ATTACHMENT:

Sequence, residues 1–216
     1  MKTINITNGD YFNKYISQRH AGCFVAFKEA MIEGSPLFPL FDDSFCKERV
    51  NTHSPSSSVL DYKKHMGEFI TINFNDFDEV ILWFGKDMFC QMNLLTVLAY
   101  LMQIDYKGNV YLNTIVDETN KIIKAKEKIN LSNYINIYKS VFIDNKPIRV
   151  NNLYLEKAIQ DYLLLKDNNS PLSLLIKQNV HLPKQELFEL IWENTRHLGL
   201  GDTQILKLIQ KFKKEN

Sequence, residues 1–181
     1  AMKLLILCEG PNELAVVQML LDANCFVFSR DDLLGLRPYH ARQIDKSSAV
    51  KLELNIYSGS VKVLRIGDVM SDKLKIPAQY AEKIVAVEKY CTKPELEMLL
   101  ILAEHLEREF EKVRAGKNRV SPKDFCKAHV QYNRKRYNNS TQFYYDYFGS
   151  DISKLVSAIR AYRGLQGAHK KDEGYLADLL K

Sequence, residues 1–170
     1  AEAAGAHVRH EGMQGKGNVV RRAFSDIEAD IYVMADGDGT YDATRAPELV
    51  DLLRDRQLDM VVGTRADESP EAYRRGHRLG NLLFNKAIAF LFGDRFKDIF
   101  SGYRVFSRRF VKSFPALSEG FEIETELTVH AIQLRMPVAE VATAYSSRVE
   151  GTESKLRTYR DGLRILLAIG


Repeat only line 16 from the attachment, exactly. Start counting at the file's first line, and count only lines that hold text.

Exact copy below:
   151  GTESKLRTYR DGLRILLAIG